Let’s say you’re battling a wild Pokemon and want to catch it. You weaken it the first turn, and on the second turn, you say to yourself, “Oh, it’s only the second turn, so a Quick Ball should be good enough.” Frankly, at that point, a Quick Ball is just as useful as an ordinary Pokeball. On the first turn of the. battle, a Quick Ball is stronger than an Ultra Ball (at this point, whenever I say “stronger” I mean it gives a higher multiplier in the formula). But only in the first turn of battle is this so. Once the second turn begins, as stated before, a Quick Ball is just another Pokeball.

The Quick Ball’s opposite is the Timer Ball, and it too can be stronger than and Ultra Ball if used correctly. The Timer Ball gains power every turn, and it will be as strong as an Ultra Ball once you’ve reached turn 10. The Timer Ball’s strength stops increasing once you reach turn 40. So prolonging the battle 100+ turns in hopes of a Timer Ball with near-Master Ball strength is a waste of your time and the target Pokemon’s PP, it will eventually start using Struggle and start knocking itself out. At turn 31, a Timer Ball has a higher multiplier than a Quick Ball at turn 1.

The Net Ball is stronger than an Ultra Ball if you use it to catch a Water or Bug type Pokemon.

The Dive Ball is stronger than an Ultra Ball if you it on a water-based battlefield (while surfing, diving, fishing, basically if the battlefield has a water-looking design).

The Nest Ball’s power is determined by the target Pokemon’s Level. The lower the level, the more power a Nest Ball has. Let’s use Victini as an example again, since I caught it with a Nest Ball. Victini is found at Liberty Garden at Level 15. When the number 15 goes through the Nest Ball formula (some Pokeballs have their own formulas that determine the Pokeball Multiplier) the end result is 2.5, setting the Nest Ball Multiplier equal to 2.5. The Ultra Ball’s multiplier will always be 2, so the Nest Ball gave me a better chance of catching Victini and frankly, I didn’t have anything other than Pokeballs, Great Balls, and Nest Balls. If the target Pokemon’s level is 40, the multiplier will be 0, and anything higher will give you negative numbers (Pokeballs have a multiplier of 1 and Great Balls have a mutiplier of 1.5, just so have a point of reference).

I just want to say again, that a special Pokeball usually works better than an Ultra Ball if the condition in the “A Ball that works better…” statement in the description is met.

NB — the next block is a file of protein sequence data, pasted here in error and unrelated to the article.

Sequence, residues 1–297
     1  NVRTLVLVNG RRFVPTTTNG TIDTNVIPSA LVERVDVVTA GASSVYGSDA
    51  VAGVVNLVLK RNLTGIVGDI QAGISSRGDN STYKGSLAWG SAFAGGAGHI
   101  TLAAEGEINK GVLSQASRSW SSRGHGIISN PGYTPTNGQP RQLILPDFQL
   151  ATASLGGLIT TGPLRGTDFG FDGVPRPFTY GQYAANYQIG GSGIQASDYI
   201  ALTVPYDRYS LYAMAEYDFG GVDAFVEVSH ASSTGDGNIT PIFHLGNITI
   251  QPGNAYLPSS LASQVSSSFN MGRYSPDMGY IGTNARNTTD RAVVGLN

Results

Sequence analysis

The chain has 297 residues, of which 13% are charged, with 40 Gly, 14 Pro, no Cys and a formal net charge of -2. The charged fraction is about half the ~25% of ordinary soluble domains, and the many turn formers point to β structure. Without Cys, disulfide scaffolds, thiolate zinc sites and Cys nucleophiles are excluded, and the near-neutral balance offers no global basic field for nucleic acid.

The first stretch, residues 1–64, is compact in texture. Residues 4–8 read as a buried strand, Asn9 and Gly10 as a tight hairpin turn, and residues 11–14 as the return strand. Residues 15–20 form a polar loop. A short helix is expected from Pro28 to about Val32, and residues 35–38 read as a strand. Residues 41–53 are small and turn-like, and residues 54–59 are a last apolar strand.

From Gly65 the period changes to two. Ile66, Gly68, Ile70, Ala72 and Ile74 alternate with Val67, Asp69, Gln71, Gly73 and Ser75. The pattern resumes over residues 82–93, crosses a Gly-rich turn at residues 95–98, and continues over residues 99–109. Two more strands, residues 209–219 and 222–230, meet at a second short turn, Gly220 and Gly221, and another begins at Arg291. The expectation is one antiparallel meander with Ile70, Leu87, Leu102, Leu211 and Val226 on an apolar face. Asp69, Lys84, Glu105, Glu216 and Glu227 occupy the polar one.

The special Pokeballs that are exclusive to Johto pretty self-explanatory if you read the descriptions. The only ones that could use more elaboration are the Level Ball and Heavy Ball.

The Level Ball works better if the difference between your Pokemon’s level is greater.

  • If Your Level > Opponent’s Level the multiplier is 2
  • If Your Level/2 > Opponent’s Level the multiplier is 4
  • If Your Level/4 > Opponent’s Level the multiplier is 8
  • If Your Level = Opponent’s Level or Your Level < Opponent’s Level the multiplier is 1

The Heavy Ball catches heavier Pokemon easier. You can check a Pokemon’s weight in the Pokedex, but chances are that if you’re trying to catch it, it’s not in your Pokedex yet. You can estimate a Pokemon’s weight by looking at it sometimes.

With this knowledge, my Pokemon catching technique has greatly improved, and I’m sure that if you use this as a guideline, you’ll stop wasting so much money on Pokeballs.

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About David Harris

I'm what many people have defined as a "cool nerd." I like video games, computers, etc., but I have a very active social life as well.
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One Response to Pokemon Catching Tips

  1. Where’s the Dusk Ball? It’s by far the best to use in general, because its uses are way less specific than things like Dive Balls and Net Balls. If you’re trying to catch a legendary, set your DS to night (unless it’s in a cave) and Dusk Ball away. They’re also less expensive than the Ultra Ball, so they’re the best general-use ball for nearly everything.